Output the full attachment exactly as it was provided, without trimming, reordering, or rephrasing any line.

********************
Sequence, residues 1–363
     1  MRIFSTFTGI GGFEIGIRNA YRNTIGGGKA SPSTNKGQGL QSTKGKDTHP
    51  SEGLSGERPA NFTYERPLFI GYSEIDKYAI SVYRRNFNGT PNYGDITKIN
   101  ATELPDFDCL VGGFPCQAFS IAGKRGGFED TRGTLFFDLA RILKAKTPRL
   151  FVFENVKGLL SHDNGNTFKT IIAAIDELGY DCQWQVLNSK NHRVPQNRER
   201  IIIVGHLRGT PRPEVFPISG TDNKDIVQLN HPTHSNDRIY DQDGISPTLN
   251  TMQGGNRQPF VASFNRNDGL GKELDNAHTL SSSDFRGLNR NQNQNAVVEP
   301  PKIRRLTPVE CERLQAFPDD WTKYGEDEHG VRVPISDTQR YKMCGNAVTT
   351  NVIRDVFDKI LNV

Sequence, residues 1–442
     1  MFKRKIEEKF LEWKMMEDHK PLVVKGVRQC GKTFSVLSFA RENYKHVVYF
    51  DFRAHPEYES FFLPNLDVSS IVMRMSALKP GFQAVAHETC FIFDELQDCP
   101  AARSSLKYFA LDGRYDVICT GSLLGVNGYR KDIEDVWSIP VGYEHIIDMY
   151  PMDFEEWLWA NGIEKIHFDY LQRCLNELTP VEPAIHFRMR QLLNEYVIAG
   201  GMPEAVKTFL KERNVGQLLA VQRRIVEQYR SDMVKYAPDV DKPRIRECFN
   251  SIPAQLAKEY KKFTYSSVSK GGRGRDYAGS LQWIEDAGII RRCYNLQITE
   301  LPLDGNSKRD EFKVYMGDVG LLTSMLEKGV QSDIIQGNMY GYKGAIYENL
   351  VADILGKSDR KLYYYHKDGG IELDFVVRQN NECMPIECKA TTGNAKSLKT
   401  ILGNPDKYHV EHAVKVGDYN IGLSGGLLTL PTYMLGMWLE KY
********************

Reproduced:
Sequence, residues 1–363
     1  MRIFSTFTGI GGFEIGIRNA YRNTIGGGKA SPSTNKGQGL QSTKGKDTHP
    51  SEGLSGERPA NFTYERPLFI GYSEIDKYAI SVYRRNFNGT PNYGDITKIN
   101  ATELPDFDCL VGGFPCQAFS IAGKRGGFED TRGTLFFDLA RILKAKTPRL
   151  FVFENVKGLL SHDNGNTFKT IIAAIDELGY DCQWQVLNSK NHRVPQNRER
   201  IIIVGHLRGT PRPEVFPISG TDNKDIVQLN HPTHSNDRIY DQDGISPTLN
   251  TMQGGNRQPF VASFNRNDGL GKELDNAHTL SSSDFRGLNR NQNQNAVVEP
   301  PKIRRLTPVE CERLQAFPDD WTKYGEDEHG VRVPISDTQR YKMCGNAVTT
   351  NVIRDVFDKI LNV

Sequence, residues 1–442
     1  MFKRKIEEKF LEWKMMEDHK PLVVKGVRQC GKTFSVLSFA RENYKHVVYF
    51  DFRAHPEYES FFLPNLDVSS IVMRMSALKP GFQAVAHETC FIFDELQDCP
   101  AARSSLKYFA LDGRYDVICT GSLLGVNGYR KDIEDVWSIP VGYEHIIDMY
   151  PMDFEEWLWA NGIEKIHFDY LQRCLNELTP VEPAIHFRMR QLLNEYVIAG
   201  GMPEAVKTFL KERNVGQLLA VQRRIVEQYR SDMVKYAPDV DKPRIRECFN
   251  SIPAQLAKEY KKFTYSSVSK GGRGRDYAGS LQWIEDAGII RRCYNLQITE
   301  LPLDGNSKRD EFKVYMGDVG LLTSMLEKGV QSDIIQGNMY GYKGAIYENL
   351  VADILGKSDR KLYYYHKDGG IELDFVVRQN NECMPIECKA TTGNAKSLKT
   401  ILGNPDKYHV EHAVKVGDYN IGLSGGLLTL PTYMLGMWLE KY